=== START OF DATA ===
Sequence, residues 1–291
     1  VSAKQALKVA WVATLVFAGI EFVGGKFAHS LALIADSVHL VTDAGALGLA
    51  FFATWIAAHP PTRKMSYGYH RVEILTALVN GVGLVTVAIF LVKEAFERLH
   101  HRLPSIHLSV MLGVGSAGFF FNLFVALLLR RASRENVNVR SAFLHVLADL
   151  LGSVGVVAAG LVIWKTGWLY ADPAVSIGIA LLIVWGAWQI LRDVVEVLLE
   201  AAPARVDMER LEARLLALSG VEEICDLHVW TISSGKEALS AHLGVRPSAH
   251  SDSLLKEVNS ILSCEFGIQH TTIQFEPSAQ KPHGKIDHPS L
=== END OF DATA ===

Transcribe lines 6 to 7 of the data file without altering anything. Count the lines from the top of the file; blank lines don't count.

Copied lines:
   201  AAPARVDMER LEARLLALSG VEEICDLHVW TISSGKEALS AHLGVRPSAH
   251  SDSLLKEVNS ILSCEFGIQH TTIQFEPSAQ KPHGKIDHPS L